We continued our ride. This country, from Gravelly Run up, is no longer the flat sand of Petersburg, but like Culpeper, undulating, with quartz and sandstone, and a red soil. About five we halted at Mrs. Jones's, a little east of Deep Creek, and prepared to go supperless to bed on the floor or on the grass, for our waggons were hopelessly in the rear. General Humphreys was across the Run, whither General Meade went, and came back with him at dusk. The General was very sick; he had been poorly since Friday night, and now was seized with a chill, followed by a violent fever, which excited him greatly, though it did not impair the clearness of his head. Good Humphreys got us something to eat and so we all took to our hoped — for rest.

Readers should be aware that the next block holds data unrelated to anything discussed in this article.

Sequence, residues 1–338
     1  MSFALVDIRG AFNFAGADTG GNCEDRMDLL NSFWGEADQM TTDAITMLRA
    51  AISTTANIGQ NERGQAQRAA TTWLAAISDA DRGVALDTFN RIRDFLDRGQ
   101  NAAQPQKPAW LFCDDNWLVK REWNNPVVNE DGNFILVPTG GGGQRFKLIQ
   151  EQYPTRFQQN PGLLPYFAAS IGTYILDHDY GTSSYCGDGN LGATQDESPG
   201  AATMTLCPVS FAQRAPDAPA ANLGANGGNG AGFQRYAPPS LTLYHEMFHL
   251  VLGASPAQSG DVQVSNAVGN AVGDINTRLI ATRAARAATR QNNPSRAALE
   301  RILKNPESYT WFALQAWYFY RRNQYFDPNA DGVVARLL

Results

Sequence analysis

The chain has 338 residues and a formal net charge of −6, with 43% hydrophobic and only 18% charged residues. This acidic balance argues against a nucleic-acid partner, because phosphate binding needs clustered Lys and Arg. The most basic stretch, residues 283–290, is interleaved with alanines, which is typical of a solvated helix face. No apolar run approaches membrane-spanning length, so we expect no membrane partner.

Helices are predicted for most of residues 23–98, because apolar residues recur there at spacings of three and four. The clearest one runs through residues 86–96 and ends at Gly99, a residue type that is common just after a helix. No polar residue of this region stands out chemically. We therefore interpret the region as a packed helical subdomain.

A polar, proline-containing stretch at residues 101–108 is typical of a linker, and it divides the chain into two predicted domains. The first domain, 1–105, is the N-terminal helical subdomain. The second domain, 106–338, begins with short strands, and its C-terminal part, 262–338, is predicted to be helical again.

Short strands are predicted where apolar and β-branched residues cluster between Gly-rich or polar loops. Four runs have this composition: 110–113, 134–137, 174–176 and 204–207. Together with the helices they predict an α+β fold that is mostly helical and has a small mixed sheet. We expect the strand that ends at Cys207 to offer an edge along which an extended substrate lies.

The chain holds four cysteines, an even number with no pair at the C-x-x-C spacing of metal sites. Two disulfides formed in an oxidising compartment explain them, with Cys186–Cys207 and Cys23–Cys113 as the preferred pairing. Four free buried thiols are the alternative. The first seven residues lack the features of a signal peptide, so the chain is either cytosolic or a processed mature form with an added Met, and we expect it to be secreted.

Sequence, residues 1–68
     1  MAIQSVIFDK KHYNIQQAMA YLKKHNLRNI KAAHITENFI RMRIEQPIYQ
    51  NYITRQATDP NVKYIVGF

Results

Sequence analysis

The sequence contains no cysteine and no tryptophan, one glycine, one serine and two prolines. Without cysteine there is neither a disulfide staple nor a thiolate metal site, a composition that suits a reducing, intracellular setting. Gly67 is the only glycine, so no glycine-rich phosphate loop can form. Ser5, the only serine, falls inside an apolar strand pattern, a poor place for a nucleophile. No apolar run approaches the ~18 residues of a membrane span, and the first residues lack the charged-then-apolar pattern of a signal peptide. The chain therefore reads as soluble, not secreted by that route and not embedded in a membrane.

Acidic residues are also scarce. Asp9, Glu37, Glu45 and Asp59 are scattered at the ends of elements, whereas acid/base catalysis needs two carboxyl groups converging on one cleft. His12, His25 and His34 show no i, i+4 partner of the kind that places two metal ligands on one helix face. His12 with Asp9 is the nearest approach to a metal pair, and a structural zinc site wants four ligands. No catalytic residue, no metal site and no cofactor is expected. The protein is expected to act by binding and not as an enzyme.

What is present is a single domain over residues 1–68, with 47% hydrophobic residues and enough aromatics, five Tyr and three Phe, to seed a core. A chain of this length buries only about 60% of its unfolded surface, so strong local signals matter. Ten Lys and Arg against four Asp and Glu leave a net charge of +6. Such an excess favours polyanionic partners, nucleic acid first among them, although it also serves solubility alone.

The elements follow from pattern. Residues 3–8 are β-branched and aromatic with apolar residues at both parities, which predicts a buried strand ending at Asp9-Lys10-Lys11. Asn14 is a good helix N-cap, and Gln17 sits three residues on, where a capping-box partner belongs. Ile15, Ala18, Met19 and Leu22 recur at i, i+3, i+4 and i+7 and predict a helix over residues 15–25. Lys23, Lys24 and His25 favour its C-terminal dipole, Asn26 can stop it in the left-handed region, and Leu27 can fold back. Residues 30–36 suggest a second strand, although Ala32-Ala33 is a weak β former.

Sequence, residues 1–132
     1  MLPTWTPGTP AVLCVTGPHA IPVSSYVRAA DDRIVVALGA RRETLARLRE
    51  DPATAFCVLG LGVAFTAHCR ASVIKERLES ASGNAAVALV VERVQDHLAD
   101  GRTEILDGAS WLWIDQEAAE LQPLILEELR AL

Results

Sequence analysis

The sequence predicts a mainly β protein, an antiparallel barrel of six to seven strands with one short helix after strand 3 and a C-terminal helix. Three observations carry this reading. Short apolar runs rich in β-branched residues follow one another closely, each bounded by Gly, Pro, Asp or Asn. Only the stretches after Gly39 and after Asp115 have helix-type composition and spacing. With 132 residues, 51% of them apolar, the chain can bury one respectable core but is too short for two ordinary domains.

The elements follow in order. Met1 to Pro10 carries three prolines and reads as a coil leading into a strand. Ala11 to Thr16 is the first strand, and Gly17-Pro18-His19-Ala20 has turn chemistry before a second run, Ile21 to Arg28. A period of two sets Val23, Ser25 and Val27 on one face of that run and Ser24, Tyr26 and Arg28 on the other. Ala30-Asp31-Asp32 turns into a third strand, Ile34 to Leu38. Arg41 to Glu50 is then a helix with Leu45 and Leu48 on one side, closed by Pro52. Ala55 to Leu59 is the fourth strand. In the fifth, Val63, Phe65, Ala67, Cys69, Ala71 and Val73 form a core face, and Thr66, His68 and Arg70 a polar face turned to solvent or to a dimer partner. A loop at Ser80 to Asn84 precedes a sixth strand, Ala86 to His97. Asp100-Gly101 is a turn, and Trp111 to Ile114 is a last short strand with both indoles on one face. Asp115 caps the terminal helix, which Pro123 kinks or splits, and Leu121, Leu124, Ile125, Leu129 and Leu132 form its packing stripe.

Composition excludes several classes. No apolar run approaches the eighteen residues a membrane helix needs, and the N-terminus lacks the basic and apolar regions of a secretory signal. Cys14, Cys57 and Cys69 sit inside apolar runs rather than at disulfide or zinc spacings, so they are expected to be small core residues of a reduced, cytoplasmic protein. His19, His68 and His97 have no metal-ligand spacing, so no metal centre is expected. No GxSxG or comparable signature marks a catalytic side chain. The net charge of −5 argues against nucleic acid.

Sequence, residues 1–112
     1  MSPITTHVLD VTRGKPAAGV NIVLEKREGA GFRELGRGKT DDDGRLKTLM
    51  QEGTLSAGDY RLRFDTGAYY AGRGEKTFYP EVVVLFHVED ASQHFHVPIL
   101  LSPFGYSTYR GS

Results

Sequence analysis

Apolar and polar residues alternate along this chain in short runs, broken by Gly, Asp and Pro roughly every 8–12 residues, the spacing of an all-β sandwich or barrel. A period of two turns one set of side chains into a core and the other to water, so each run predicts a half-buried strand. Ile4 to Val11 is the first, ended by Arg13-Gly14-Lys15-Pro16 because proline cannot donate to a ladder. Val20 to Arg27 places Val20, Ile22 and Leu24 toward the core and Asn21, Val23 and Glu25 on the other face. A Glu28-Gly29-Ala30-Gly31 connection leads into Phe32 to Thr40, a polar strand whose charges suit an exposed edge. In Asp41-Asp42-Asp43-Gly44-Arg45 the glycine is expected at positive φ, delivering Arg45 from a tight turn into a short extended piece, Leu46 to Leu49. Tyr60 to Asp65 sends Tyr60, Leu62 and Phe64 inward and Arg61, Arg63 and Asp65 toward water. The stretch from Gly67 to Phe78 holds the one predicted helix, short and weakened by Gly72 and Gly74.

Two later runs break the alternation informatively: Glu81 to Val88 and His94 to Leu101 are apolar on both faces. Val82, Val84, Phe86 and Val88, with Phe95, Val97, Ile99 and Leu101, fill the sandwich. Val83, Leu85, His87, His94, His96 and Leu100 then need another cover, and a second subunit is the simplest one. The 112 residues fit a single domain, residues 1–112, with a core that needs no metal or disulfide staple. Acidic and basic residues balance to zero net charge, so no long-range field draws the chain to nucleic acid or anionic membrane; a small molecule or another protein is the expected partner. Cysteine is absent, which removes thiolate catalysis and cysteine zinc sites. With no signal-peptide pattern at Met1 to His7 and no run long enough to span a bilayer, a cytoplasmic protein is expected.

April 5, 1865Last night, at 9.30, came a note from Sheridan, dated at Jetersville, saying that he was there, entrenched, with the 5th Corps and a part of the cavalry; that the whole Rebel army was in his front trying to get off its trains; that he expected to be attacked, but, if the remaining infantry could be hurried up, there was a chance of taking the whole of the enemy. Although the 2d Corps had only gone into bivouac at eight in the morning, and had no rations at that moment, General Meade issued orders for them to move at one at night and push on for Jetersville, followed by the 6th Corps, which lay just behind. The distance was fifteen or sixteen miles. I was sleeping on the floor, in the same room with the General, to look out for him in case he needed anything; for he had a distressing cough and a high fever, but would not give in, for he has a tremendous nervous system that holds him up through everything. General Webb was worn out with want of sleep, so I was up most of the night, writing and copying and receiving the